Prior to his appointment in Omaha, Passmore served as associate instructor of orchestral conducting at the Indiana University Jacobs School of Music, where he led the IU All-Campus and Conductor’s Orchestras, taught all levels of conducting, and organized the day-to-day activities of the Orchestral Conducting department. Passmore is a passionate advocate for music education and conducting pedagogy, and he has worked with student instrumental and vocal ensembles, as well as conductors, throughout many parts of the world. Most recently, Passmore was invited as a guest conductor and visiting professor at the Vietnam National Academy of Music in Hanoi. While there, he led daily masterclasses and orchestra rehearsals, culminating in a performance with the Hanoi Philharmonic. Passmore was also the 2015-16 Schmidt Conducting Fellow with the Indianapolis Symphony Orchestra, for whom he provided service as a cover conductor and worked with their annual high school Side-By-Side program.

    Passmore studied conducting at the Indiana University Jacobs School of Music (DM), University of Delaware (MM), University of North Carolina (Post-Bachelors), and the University of North Carolina at Greensboro (BA). His principal conducting mentors were David Effron, Arthur Fagen, James Allen Anderson, Tonu Kalam, and the late Robert Gutter. Passmore is an active member of the League of American Orchestras, Conductors Guild, and the honors music society Pi Kappa Lambda. Passmore enjoys spending his free time traveling and biking with his fiancée, and fellow conductor, Dianna Fiore. They are the proud owners of two miniature long-haired dachshunds: Beethoven and Charlie.

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  • Samantha DeLuca
    Band Director, Newark Charter School

    ​Samantha DeLuca has been a band director at Newark Charter School since 2010. She has taught grades 4-12 and currently serves as the middle and high school band director teaching grades 7-12.

    Most recently, the Newark Charter School high school band traveled to London where they marched in the 2019 London New Years Day Parade and performed a concert as part of the London Concert Series.

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  • Ashley Snyder Gulyas
    Music Teacher, Eagle Hill School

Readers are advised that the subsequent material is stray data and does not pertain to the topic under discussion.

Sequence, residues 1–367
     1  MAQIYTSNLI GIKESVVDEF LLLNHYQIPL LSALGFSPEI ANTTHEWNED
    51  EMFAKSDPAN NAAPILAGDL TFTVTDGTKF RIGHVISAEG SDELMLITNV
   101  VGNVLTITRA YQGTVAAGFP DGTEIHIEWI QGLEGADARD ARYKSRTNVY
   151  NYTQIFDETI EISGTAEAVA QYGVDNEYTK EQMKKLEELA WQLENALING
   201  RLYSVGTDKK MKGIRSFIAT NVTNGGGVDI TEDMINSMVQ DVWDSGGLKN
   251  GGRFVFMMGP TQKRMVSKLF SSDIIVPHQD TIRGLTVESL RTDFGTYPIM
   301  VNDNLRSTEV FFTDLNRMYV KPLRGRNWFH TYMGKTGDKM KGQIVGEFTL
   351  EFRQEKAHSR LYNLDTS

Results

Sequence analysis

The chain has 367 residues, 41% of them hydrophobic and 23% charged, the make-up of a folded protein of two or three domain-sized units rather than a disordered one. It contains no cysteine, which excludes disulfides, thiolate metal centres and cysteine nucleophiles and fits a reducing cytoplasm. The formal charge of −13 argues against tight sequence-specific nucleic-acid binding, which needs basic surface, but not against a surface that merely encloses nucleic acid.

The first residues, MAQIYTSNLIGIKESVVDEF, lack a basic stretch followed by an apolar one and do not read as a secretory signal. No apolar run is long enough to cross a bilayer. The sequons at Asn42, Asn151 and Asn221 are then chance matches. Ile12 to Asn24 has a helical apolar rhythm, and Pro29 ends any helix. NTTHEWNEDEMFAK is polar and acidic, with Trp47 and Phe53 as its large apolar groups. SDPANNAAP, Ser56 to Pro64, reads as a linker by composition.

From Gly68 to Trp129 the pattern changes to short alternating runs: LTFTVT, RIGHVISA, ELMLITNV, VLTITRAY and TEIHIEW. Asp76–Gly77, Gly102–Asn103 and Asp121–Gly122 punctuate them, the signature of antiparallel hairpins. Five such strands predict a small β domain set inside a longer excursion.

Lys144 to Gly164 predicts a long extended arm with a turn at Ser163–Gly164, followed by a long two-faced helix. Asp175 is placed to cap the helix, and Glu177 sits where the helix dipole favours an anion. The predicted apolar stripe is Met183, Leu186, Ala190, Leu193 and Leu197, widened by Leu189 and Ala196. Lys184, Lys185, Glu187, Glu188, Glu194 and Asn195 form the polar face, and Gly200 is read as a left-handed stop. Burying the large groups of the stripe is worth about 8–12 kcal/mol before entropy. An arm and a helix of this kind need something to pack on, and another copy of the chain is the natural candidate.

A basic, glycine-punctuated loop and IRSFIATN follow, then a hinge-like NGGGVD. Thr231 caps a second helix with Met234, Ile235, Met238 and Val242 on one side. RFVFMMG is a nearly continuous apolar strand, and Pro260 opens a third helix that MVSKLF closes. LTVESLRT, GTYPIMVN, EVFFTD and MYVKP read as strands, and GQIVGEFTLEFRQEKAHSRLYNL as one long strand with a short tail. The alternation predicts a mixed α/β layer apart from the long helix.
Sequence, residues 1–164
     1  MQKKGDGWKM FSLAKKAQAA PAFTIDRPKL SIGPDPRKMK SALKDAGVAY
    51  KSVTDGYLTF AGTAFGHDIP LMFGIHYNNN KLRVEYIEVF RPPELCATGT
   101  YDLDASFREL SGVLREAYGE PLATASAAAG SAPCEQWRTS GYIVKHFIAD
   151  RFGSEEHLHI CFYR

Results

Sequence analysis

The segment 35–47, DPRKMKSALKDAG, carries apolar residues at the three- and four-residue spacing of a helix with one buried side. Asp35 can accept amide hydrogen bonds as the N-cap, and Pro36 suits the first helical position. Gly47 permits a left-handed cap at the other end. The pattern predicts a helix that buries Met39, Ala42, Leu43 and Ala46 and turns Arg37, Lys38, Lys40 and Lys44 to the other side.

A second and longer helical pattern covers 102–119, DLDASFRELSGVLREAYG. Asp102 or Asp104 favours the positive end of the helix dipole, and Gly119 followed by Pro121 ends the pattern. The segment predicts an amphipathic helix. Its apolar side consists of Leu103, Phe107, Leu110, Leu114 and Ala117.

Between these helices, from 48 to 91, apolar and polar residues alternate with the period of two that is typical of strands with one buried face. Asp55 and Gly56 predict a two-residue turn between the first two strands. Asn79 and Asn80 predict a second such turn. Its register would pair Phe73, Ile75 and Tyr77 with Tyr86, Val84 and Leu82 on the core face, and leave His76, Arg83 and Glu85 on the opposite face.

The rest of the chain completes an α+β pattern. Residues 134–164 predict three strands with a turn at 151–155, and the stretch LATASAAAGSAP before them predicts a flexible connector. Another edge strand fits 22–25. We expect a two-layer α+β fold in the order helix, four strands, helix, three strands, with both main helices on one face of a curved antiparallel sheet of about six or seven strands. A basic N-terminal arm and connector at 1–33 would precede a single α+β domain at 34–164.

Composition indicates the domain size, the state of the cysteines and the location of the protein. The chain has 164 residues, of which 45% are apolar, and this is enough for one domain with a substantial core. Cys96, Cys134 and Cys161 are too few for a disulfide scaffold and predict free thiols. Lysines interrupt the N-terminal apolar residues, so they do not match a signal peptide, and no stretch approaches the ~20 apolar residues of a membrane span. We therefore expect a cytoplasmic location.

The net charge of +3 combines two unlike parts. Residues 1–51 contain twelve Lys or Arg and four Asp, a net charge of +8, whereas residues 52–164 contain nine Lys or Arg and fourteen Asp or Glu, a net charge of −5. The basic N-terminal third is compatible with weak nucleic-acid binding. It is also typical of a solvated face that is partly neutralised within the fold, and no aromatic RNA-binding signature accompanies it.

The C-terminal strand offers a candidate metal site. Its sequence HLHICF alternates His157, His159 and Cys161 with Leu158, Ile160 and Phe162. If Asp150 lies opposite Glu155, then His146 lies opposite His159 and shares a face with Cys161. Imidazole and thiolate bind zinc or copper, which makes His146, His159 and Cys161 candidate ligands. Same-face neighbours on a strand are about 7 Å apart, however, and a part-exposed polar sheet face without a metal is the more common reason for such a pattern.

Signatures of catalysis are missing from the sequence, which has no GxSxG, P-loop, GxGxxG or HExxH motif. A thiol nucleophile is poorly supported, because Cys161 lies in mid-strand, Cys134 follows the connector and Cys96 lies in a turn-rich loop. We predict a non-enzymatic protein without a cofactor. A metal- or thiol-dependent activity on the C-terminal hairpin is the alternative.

As Ashley Snyder Gulyas (BM '09) learned how to teach music as a student at UD, she also learned how to adapt music and teaching music to special needs students.

    Gulyas participated in a summer service learning project with Suzanne Burton, professor of music education and interim associate dean of the arts, working at the John G. Leach School in New Castle, Del. The Leach School serves students with physical disabilities, cognitive disabilities and serious health impairments.  Gulyas later presented her work at a Delaware Music Educators Association conference.

    It's no surprise, then, that after graduating from UD, Gulyas was hired as the first full-time music teacher at Eagle Hill School in Greenwich, Conn. Eagle Hill is a private school for students with language-based learning disabilities. "I was given a blank slate to create a program," she says. "It was challenging at times, but also an exciting opportunity."

    Now in her 10th year at Eagle Hill, Gulyas reflects on her experiences. It is a transitional program, with students re-entering mainstream classrooms, so her adaptations are small. She uses John M. Feierabend's First Steps in Music series for younger students and older grades participate in choir and keyboarding lessons.

    It is a learning opportunity for everyone. "I've learned a lot from my colleagues about working with our unique population of students, and from the students themselves."

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  • Christine Manning Cook
    Supervisor of Fine and Performing Arts

    Christine Manning Cook left UD in 2004 with a Bachelor of Music in Music Education, but like many in the field, she has never left education – as a teacher or a student. Right after graduation, Cook took a job conducting the orchestra and teaching music appreciation at Northern Middle School in Calvert County, Maryland, where she taught for 14 years before taking an administrative role in 2018. A self-described “growth-focused personality,” Cook completed a Master of Arts in Leadership in Teaching at Notre Dame of Maryland University in 2010 and earned a Certification in Administration and Supervision six years later. This January, Cook began a new position as supervisor of fine and performing arts for Calvert County Public Schools, a position that gives her direct impact over arts education for the entire district.